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5 Tips to Improve Inbound Sales Communication

By Erin Jeffers • March 1, 2017

Improve inbound sales communication

We've all been there – you're looking to buy something and you come up against an annoying salesperson who is trying to tell you want you want and why without really listening to you at all. Or even worse, you're being patronised by someone who assumes you know nothing about the product you want to buy.

This behaviour can certainly put off a lot of customers, and risks losing business simply due to the way the customer has been made to feel. Great communication with customers is vital to successfully selling your product or services. So, how can you improve your sales communication?

Try Inbound Sales.


Most of us do a fair bit of shopping online these days. It's convenient and we no longer have to rely on salespeople for advice; we can do all the research ourselves. This has fundamentally changed the buyer/seller relationship – the power has shifted from the seller to the buyer.

In a previous blog post, we outlined how Inbound Sales works. In a nutshell, the sales strategy is based on serving the buyer, rather than the seller. With the buyer's context always in mind, the following Inbound Sales tips will help improve your sales approach:

 

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Tip 1: Practice active listening

Trying to complete a sale can be a pretty stressful task at times. There is a fair amount of pressure that comes with client meetings, and it's often very easy to let our minds race ahead to a presentation you may have prepared, or work you need to complete, or even the next steps you have in mind. However, it's really important to not only remain present with your buyer but actively listen to what they are saying. You want your buyer to know you are listening to them and understand what they are saying.

HubSpot recommends the following four steps for active listening:

  1. Truly listen to the prospect.
  2. Feed back the content and feeling of the prospect's words.
  3. Confirm you heard the prospect correctly.
  4. Ask a relevant follow-up question to further clarify your understanding of their situation.

Tip 2: Show empathy

It's really important to connect with your buyer. You don't have to agree with everything they say, but you should always try to see things from their point of view. Remember, your sales strategy should be based on serving the buyer, so you need to understand what they do, how they work and the challenges they face. People appreciate it when it's obvious you are making an effort to understand where they are coming from. 

Put simply, being empathetic makes you more likeable and this increases your chance of making a sale. 

Tip 3: Be an expert

Great communicators are persuasive because they are able to point to specific examples that support the point they're trying to make. In the case of a salesperson, you're trying to show the buyer how your product or service will help them. So it's critical you're an expert on your company and your industry

Make sure you know your company's best practices and case studies. How have you helped a similar client before? How have similar challenges been overcome? Do you have a similar before and after example you can use? If you know your company and work inside out you can easily draw on past successes to highlight the suitability of your product or service.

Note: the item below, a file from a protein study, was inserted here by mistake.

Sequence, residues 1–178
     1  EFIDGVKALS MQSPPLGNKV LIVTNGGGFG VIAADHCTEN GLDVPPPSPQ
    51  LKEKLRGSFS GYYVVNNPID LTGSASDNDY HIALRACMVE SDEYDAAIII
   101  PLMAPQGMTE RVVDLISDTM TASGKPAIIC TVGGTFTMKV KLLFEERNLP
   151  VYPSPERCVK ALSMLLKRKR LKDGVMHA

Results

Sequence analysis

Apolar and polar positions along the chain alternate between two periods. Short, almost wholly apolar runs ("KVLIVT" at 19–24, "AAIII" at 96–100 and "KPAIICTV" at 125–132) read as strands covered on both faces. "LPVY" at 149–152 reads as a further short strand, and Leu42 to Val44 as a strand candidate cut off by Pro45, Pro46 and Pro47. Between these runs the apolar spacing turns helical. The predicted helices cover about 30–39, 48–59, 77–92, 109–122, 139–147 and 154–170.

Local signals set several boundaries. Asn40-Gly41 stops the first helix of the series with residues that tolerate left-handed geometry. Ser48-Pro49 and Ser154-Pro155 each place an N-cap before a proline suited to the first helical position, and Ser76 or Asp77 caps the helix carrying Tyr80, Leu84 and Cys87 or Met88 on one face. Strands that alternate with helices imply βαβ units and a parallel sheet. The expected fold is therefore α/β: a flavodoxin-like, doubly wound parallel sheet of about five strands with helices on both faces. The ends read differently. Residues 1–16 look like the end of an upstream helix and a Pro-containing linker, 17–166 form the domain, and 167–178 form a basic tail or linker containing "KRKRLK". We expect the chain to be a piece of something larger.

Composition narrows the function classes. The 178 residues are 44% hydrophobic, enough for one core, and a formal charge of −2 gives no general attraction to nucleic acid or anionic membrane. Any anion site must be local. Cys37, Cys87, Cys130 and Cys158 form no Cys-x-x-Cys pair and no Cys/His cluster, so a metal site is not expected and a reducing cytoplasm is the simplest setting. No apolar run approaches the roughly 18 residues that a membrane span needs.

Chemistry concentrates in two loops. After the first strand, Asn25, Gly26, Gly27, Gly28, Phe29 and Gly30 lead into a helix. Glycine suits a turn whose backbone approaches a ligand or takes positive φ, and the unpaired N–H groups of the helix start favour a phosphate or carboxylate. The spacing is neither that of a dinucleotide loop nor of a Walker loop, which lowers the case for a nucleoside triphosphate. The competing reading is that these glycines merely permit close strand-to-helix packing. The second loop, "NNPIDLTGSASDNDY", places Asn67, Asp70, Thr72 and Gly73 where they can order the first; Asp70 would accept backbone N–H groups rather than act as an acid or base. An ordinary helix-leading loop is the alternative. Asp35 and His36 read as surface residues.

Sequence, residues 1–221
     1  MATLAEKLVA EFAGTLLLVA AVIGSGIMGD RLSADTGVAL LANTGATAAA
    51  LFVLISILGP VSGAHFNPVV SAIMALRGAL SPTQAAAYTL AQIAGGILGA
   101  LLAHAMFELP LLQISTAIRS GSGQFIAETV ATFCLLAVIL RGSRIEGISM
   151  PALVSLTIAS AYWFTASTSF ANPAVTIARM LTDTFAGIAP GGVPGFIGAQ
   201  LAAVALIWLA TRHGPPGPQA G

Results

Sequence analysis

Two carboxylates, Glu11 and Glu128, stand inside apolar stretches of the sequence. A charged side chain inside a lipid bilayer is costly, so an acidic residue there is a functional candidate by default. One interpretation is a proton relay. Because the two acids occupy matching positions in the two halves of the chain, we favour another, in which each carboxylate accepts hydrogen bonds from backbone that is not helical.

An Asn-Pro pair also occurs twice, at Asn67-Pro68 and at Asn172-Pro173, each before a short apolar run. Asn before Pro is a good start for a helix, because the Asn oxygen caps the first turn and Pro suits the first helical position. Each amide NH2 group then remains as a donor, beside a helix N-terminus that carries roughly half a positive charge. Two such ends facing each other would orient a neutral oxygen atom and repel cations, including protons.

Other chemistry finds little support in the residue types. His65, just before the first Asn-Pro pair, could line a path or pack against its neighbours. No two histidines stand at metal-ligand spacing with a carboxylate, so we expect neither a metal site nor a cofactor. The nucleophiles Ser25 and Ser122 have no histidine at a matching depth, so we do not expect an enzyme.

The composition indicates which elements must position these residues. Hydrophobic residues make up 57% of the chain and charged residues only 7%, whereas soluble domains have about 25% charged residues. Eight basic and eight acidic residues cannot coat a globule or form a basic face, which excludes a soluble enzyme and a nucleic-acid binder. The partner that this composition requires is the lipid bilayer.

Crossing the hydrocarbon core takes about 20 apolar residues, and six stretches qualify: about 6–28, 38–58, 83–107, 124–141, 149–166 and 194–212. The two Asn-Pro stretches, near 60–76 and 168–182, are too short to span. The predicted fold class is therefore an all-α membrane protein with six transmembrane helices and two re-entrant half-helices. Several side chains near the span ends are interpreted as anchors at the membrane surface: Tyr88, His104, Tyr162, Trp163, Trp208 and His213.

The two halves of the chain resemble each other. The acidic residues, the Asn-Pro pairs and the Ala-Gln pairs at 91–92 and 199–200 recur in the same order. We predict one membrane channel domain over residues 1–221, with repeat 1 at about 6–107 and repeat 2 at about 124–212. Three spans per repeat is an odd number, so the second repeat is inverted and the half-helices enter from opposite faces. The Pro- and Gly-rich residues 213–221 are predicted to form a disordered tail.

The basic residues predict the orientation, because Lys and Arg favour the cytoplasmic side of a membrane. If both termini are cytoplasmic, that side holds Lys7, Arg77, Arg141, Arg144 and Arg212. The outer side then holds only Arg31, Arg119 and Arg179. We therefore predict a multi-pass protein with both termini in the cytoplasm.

It's also important to know the industry you're working with. What are that industry's main concerns, behaviours and buying patterns? Buyers will very quickly lose interest and trust if it's obvious you don't really understand their business. Make sure you stay up to date with industry news, trends and challenges.  

Tip 4: Be honest

Buyers are more empowered now and have often done their research, so it's critical to be honest about the suitability of your product or service. If you're honest you are more likely to build trust with your buyer, and building trust is really important for not only closing a sale but for your relationship moving forward. Be honest about what you know and what you don't know. Ask the questions that are sometimes difficult to ask (or answer) if they are in the best interest of the buyer. 

It's also important to be aware of any gaps in your knowledge, and more than ok to be upfront about these gaps and even ask your buyer to fill them in. They will appreciate your honesty and will be more likely to believe what you're saying when you do know the answer. 

Tip 5: Don't make assumptions

So, you have been actively listening to your buyer, showing empathy, highlighting your industry expertise and honestly asking and answering questions… Now don't ruin all that good work by making assumptions! Many sales journeys can feel very similar and it's easy to slip into a routine, but it's always important to remember every sale is different and every buyer will have unique problems requiring a solution. 

Only use information that has been given to you by the buyer and ask follow-up questions if there are any gaps. Never make assumptions about their situation, because if those assumptions are wrong it sends a clear message to the buyer that you have not been listening. Making a buyer feel ignored or giving them a reason to question whether you have really listened and understood can ruin a sale or have a lasting negative effect. 


If you follow these five tips, you will develop an effective inbound sales approach that enables you to:

  • Understand your buyer's context
  • Communicate your buyer's needs back to them
  • Position your products and services as a solution to your buyer's challenges

This will go a long way to ensuring you don't become that annoying salesperson we talked about earlier!


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